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Carey Price has issued an apology to the families of victims of the 1989 murder of 14 women at Montreal’s École Polytechnique.

Over the weekend, the Montreal Canadiens goalie posted a photo of himself holding a shotgun to protest new gun legislation proposed by the federal government.

On Monday, the hockey club’s ownership group asserted that Price was unaware of the 1989 massacre. The team apologized “to any and all who have been offended or upset by the discourse” on the eve of the anniversary of the mass murder.

Price refuted the assertion that he did not know about the murders, however.

“I think the people of Montreal know my heart and my character and know I would never intentionally cause pain to those impacted by gun violence,” he wrote Tuesday on Instagram. “Despite a previous statement released, I did in fact know about the tragedy. I have been a member of the Montreal community for 15 years and I understand the weight this day holds within the community.”

Fourteen women, most of whom were engineering students, were killed by anti-feminist gunman Marc Lepine, who later turned the semi-automatic rifle on himself. In addition, 10 women and four men were wounded during the mass shooting.

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Bill C-21, the proposed legislation, includes a list of firearms that could be banned, but on Monday Prime Minister Justin Trudeau said it was being reviewed and promised that it would not affect legitimate gun use or rifles and shotguns used in hunting like the one with which Price was pictured.

“While I have no control over the timing of the amendment to Bill C-21 I stand by the opinions I’ve shared,” Price wrote. “I acknowledge that amplifying any conversation around guns this week may have upset some of those impacted the most by the events in 1989 and to them I apologize.”

Nathalie Provost was 23 when she was shot by Lepine in the forehead, both legs and one foot. She graduated with an engineering degree a few months later and has since become a spokeswoman for the gun-control group PolySeSouvient.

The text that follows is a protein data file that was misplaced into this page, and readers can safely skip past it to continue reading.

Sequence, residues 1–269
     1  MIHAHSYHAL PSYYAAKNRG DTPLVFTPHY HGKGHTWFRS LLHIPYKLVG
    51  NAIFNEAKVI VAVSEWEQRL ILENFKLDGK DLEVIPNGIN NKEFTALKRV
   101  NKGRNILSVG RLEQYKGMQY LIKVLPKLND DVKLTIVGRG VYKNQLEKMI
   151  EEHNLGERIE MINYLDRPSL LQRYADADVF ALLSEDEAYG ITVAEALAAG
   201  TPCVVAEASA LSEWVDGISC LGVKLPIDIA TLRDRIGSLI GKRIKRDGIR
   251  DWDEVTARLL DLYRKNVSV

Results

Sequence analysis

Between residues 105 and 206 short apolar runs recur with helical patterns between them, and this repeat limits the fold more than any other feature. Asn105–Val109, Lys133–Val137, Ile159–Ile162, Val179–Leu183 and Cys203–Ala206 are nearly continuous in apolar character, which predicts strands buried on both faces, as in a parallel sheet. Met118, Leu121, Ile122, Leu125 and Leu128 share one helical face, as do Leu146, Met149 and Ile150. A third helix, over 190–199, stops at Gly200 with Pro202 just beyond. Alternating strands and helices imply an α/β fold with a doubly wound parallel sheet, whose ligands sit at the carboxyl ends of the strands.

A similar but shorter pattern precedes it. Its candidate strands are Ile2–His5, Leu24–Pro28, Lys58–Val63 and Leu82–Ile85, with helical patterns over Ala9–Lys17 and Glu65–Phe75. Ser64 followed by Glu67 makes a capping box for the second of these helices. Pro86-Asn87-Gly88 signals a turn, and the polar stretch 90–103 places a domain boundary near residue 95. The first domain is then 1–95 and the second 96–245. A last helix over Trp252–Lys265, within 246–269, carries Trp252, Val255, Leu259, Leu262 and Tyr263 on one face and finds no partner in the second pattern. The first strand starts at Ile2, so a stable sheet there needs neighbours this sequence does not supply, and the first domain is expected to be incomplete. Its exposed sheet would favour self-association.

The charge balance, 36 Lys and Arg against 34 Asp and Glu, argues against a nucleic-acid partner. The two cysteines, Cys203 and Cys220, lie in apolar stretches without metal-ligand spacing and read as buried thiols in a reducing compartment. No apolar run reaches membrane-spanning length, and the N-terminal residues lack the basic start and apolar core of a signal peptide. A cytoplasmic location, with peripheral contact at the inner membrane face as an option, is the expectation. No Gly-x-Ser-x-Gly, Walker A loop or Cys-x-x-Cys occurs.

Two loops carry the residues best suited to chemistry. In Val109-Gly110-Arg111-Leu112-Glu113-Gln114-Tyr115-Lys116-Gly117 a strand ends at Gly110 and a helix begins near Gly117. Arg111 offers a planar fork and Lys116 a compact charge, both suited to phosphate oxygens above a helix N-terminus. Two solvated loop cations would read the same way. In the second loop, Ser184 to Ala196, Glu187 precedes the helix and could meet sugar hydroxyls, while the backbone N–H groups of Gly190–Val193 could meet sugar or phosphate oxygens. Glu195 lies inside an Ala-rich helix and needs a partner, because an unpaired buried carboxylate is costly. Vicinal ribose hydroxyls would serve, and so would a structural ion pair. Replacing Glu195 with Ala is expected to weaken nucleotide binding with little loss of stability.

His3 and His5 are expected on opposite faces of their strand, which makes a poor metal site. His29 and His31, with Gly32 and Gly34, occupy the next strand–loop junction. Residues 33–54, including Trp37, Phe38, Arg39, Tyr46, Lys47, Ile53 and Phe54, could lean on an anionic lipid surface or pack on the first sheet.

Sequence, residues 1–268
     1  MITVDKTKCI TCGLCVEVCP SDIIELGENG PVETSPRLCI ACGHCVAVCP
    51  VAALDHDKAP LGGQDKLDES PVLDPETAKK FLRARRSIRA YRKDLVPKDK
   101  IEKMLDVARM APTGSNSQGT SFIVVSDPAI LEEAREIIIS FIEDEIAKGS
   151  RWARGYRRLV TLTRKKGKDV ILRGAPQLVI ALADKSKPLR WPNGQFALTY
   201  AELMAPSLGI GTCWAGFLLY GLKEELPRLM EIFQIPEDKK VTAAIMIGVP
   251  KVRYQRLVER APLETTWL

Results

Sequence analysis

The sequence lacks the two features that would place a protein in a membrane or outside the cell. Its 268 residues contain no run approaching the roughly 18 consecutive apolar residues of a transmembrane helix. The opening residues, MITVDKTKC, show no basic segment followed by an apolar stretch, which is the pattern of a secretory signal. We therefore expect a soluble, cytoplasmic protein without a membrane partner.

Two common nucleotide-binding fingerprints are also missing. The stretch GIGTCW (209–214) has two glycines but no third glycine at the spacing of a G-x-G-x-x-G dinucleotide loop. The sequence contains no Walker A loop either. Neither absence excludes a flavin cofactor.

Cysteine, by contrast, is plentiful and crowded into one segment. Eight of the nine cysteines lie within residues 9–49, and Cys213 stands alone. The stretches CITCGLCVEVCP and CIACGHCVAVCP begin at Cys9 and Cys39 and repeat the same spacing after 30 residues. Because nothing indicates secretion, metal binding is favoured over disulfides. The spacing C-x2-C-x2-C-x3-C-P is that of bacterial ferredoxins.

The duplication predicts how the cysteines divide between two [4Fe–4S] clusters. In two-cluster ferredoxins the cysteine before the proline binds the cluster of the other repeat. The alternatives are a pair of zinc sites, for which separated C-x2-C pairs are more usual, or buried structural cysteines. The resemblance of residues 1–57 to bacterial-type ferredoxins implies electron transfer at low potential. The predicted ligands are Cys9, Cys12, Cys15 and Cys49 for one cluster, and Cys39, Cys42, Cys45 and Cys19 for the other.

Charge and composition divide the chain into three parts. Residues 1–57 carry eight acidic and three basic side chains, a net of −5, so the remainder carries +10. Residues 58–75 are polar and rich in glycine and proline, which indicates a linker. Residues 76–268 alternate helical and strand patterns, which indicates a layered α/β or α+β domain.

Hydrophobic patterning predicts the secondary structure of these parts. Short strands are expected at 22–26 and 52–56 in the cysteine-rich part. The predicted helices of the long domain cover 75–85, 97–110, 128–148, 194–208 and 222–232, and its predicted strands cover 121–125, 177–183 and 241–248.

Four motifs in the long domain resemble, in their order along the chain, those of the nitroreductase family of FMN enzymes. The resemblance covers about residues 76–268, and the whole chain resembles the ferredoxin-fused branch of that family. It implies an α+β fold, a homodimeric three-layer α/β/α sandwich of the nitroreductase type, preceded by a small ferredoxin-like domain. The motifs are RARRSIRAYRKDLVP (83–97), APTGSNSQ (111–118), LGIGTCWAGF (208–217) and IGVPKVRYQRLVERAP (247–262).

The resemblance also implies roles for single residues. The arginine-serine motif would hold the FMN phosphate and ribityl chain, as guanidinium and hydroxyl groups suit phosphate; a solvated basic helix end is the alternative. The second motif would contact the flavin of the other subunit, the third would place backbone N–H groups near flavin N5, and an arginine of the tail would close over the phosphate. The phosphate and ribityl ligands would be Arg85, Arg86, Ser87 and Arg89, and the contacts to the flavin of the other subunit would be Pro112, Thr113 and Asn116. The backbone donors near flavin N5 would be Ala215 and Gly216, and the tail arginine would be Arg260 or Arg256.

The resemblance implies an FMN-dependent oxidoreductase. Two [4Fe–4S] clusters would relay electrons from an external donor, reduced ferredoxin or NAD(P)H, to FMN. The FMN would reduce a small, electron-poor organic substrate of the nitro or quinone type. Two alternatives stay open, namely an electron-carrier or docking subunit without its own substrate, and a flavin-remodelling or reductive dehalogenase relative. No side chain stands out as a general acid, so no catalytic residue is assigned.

“I want to make sure that people understand we are not against hunters or hunting, we are for better gun control,” Provost said from Montreal on Tuesday. “That is why the language in the bill has to be strong. People who are pro-gun rights want to create confusion among hunters but we are not opposed to them.

“What we believe is that they don’t need assault-style weapons.”

In his original post on Saturday, Price said, “I love my country, I love my family, and I care for my neighbour. I am not a criminal or a threat to society. What Justin Trudeau is trying to do is unjust.”

Screen grab of an Instagram post by Montreal Canadiens goalie Carey Price on December 6, 2022. Price and the team apologized to the families of École Polytechnique victims for the timing of his gun control comments the weekend before the anniversary of the mass shooting.Instagram

The Canadiens’ ownership group did not respond to an e-mail on Tuesday asking for clarity over its statement that Price did not know about the anniversary. Since 1991, Dec. 6 has been designated the National Day of Remembrance and Action on Violence Against Women.

The hockey club’s owners also said that Price was unaware that the Canadian Coalition for Firearm Rights had adopted POLY as a discount code for merchandise.

“It is so disrespectful,” Provost said.

Price affirmed on Monday night that he did not agree with its usage.

“My views are my own and I do believe them,” Price wrote on Instagram. “The only reason I bring up this issue is because it is what’s being brought up now and not out of disrespect for anyone.

“No, I did not agree with the promotional code, either.”

Ceremonies and vigils were held across the country as a tribute the victims. Flags were lowered to half-mast in Ottawa and at the École Polytechnique’s campus. Wreaths were laid outside its engineering school.

Late Tuesday afternoon 14 beams of light were to be projected into the sky at Mount Royal. The Prime Minister and Quebec Premier Francois Legault were scheduled to attend.

Price, 35, is an avid outdoorsman and enjoys camping and hunting. He is a member of the Ulkatcho First Nation in British Columbia, where his mother serves as chief.

He has long been regarded among the best goalies in professional hockey and is an almost-certain future member of the Hockey Hall of Fame.

“My heart and prayers are with the families and the victims of the 1989 École Polytechnique shooting today,” he wrote on Instagram on Tuesday.